The students with disabilities excluded from our schools

Aug 6, 2019 by

For many families of children with disabilities, their first encounter with a Victorian state school is marked by “gatekeeping”.

They might be encouraged to enrol their child elsewhere or told a school has reached its capacity to accommodate kids with disabilities. Maybe they’re informed of zoning issues. Obtaining the contact details for key staff and signing up for school tours might be inexplicably difficult.

After enrolment, families might discover that teachers lack training in making appropriate curriculum adjustments, and aides are sometimes used to segregate rather than integrate students. Inadequate proactive support for children’s self-regulation contributes to the troubling use of restraint, while scarce and inequitably distributed funding puts schools under tremendous pressure.

These are key findings from a report by Monash University’s Castan Centre for Human Rights Law which was released last year. It identifies a piecemeal and erratic approach to “inclusive education” and an ad hoc application of Education Department policies.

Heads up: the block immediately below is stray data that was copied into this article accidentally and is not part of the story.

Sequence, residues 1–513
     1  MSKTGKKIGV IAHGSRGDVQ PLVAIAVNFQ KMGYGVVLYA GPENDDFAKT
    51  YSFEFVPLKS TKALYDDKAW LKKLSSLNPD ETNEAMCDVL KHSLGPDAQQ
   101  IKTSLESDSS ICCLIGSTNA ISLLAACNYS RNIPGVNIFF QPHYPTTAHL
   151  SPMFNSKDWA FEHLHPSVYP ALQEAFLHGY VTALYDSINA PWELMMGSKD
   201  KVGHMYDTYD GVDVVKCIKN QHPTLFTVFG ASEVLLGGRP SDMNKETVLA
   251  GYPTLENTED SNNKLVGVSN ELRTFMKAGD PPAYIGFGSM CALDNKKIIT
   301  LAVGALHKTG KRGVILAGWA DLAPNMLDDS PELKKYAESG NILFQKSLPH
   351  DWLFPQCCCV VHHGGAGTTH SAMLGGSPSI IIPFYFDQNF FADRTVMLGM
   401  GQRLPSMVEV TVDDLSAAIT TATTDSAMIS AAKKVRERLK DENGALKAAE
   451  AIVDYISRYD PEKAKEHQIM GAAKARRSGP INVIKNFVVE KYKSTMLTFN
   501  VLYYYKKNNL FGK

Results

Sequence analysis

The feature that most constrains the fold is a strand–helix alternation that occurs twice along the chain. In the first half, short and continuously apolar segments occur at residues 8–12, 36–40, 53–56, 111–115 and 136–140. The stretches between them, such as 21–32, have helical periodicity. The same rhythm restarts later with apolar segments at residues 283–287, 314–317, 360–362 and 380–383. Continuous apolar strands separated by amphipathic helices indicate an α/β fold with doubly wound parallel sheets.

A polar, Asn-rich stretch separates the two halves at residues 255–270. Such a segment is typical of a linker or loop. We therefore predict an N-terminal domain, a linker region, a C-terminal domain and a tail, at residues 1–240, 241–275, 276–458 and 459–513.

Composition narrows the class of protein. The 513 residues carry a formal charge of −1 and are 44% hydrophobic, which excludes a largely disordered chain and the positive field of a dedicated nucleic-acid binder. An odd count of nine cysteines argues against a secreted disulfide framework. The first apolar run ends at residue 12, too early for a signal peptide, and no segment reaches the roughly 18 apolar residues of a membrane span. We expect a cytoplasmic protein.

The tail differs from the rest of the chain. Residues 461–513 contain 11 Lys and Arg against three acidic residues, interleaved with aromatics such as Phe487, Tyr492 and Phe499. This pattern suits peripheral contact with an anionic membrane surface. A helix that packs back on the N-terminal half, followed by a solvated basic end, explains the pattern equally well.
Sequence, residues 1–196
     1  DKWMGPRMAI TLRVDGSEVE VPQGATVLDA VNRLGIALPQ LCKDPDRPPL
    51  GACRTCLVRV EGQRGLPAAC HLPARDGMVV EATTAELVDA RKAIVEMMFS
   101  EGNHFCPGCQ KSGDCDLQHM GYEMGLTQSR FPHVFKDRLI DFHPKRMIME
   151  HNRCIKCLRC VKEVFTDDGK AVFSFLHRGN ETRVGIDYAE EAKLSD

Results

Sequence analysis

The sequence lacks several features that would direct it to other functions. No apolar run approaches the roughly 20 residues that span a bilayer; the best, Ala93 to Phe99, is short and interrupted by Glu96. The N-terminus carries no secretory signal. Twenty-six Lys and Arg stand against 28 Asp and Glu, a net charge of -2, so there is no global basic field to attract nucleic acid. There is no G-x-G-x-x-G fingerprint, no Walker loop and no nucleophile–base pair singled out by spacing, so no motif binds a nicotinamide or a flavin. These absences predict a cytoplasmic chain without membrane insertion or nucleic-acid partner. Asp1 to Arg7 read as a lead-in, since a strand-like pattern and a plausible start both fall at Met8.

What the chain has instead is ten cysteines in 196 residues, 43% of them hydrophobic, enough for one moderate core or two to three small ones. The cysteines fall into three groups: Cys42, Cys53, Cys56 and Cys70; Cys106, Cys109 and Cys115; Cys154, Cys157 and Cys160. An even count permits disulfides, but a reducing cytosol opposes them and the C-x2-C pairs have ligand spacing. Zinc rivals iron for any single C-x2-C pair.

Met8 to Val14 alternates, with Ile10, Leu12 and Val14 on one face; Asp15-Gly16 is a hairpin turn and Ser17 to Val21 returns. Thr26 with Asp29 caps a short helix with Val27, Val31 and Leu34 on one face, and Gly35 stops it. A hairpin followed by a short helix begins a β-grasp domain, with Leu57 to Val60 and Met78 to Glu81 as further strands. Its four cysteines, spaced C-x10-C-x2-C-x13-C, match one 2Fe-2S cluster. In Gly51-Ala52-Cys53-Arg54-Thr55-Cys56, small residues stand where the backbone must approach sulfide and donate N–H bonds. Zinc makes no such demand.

Victoria has the most devolved model of all Australian state education systems. Schools operate as islands; support for students with disabilities is effectively discretionary, dependent upon the level of awareness and interest shown by key staff members. Parents often have little understanding of the guidelines schools are meant to follow, or of complaint procedures. Nor is the professional development available to overwhelmed, under-resourced teachers consistent or well-designed. Crucially, there is no routine oversight or audit of school practices by the department.

Source: The students with disabilities excluded from our schools

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